We recently installed a MOTU/Macintosh hard-drive recording system into our studio. While some of the plug-ins sound pretty good, the reverbs generally leave something to be desired. Or, if they sound good, like Unversal Audio's RealVerb, they use a lot of the computer's CPU and processing power. So, we picked up this Lexicon reverb mainly because it had digital I/O (via SPDIF) and we were able to use it with the MOTU system without the audio going through any addtional A/D/A conversions. Used in conjunction with a MIDI patch librarian program, the MPX-500 has all the advantages of a plug-in (integration and recall) without the disadvantages (high CPU usage). While I'd love to own some good plate reverbs and I do occasionally set up an echo chamber, the truth is that a digital reverb is a useful and almost essential tool in just about any studio. And, I've always been very partial to the sound of Lexicon's reverbs since I worked with their first 224 and then bought my first PCM-60. Considering that you can pick this 24 bit unit up for around $400, this is a great addition to any studio. The reverbs sound really good. They're full sounding without any weird crap at the end of the decays. Smooth. There are six different reverb algorithms; plate, gate, hall, chamber, ambience and room. I should note here that the manual for this unit is well put together, although you barely need it as the interface is pretty intuitive. I liked the brief, often historical, descriptions of each algorithm that will be particularly useful to someone just getting into recording. I got this unit mainly for the reverbs, but it also does a lot of other time-based effects. There's tremolo, rotary (Leslie), chorus, flange, detune, pitch shift and delay/echo algorithms. The Leslie programs sounded pretty cool and fairly authentic. As this is billed as a Dual Processor unit, there are also banks of programs that combine two algorithms, ie; flange- reverb or pitch-delay. My only minor gripes with this unit were that it had no dedicated LED input meters and that it briefly glitches when you change programs. But, considering the price and usefullness of this unit, those are barely worth mentioning.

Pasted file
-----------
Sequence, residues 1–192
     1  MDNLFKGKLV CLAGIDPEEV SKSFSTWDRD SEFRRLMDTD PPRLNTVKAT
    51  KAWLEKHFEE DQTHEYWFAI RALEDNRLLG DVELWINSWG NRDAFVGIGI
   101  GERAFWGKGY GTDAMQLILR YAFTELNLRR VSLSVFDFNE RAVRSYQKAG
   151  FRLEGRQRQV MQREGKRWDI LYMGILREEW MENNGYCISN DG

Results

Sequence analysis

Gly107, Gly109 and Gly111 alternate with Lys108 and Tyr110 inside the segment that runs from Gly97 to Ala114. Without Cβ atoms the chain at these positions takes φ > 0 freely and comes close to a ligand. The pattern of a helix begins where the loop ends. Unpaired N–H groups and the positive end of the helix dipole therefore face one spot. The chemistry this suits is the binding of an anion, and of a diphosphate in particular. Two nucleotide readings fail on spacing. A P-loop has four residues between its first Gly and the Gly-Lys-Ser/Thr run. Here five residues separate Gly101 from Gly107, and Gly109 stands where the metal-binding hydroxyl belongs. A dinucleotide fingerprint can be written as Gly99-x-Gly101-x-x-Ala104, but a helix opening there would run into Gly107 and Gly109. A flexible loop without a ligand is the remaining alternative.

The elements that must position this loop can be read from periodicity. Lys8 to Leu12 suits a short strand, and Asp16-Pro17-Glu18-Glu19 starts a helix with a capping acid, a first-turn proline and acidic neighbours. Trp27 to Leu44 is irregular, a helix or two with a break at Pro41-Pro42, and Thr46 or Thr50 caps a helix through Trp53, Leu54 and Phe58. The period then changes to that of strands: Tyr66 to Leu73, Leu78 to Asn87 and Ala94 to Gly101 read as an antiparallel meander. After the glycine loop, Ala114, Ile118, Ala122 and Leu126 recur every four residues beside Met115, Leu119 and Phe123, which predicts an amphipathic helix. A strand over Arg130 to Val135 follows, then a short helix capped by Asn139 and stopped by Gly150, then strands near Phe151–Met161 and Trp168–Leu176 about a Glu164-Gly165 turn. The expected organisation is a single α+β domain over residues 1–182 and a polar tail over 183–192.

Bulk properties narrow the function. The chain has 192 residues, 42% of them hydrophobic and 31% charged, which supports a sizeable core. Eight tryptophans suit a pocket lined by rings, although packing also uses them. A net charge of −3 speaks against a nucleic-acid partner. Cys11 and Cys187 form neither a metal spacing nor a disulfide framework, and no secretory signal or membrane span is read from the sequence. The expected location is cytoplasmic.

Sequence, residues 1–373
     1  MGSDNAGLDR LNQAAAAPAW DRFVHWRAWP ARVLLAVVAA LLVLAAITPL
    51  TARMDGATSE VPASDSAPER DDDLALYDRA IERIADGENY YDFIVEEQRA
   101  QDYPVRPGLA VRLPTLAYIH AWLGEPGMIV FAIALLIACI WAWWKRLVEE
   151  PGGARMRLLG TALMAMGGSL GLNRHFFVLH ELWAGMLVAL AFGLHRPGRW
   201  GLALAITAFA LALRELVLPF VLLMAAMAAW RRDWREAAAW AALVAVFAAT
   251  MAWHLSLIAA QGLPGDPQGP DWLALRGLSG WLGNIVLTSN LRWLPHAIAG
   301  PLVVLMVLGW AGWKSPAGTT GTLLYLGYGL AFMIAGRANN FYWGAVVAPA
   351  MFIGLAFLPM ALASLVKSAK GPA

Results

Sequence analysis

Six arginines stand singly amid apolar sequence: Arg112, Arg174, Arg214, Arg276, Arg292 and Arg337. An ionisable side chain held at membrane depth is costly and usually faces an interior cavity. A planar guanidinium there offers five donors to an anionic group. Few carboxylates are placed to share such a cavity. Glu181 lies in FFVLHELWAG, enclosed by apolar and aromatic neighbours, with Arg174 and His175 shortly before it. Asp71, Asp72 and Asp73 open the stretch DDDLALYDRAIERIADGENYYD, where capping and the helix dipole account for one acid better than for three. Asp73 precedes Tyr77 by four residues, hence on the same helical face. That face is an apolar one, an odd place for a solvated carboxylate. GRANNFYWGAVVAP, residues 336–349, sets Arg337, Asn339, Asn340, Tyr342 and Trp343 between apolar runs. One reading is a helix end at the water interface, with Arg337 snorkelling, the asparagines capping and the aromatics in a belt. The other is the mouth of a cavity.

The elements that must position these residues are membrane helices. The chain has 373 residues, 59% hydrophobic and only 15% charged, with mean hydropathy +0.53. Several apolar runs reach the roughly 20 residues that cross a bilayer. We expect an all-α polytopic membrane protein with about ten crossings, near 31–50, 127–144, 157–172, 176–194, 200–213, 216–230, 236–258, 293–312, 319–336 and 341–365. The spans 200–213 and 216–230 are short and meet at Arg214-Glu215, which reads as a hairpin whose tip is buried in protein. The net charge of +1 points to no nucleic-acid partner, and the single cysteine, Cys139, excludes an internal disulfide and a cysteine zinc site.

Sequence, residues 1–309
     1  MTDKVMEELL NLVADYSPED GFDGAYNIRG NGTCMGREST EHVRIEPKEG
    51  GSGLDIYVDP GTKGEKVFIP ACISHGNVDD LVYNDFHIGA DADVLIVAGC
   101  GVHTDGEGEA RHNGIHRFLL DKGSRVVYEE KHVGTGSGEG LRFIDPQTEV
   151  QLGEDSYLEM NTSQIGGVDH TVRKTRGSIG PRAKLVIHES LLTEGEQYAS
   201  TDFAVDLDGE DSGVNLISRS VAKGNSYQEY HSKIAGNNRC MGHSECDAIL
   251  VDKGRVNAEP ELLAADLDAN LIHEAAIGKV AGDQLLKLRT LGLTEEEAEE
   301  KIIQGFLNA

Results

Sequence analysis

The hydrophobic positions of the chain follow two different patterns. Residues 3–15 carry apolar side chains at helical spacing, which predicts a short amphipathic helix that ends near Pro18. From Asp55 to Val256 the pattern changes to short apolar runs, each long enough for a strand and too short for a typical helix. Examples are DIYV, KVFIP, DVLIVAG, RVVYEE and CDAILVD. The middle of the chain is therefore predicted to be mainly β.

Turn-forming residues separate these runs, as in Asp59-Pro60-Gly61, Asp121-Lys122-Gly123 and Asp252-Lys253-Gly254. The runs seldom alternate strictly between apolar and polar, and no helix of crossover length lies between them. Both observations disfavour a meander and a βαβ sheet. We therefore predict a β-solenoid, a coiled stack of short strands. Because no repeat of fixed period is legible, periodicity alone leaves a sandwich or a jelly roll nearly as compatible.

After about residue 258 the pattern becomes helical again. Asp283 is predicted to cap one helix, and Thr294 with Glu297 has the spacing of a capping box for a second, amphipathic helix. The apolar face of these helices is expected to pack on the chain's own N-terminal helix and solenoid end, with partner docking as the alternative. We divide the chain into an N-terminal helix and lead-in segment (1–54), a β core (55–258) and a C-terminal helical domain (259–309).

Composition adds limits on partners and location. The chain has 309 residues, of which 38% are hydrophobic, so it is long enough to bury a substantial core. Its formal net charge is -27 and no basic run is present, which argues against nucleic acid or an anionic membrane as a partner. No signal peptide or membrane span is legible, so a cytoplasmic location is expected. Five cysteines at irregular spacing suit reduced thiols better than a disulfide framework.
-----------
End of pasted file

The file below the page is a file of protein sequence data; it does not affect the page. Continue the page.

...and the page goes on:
Tape Op is a bi-monthly magazine devoted to the art of record making.

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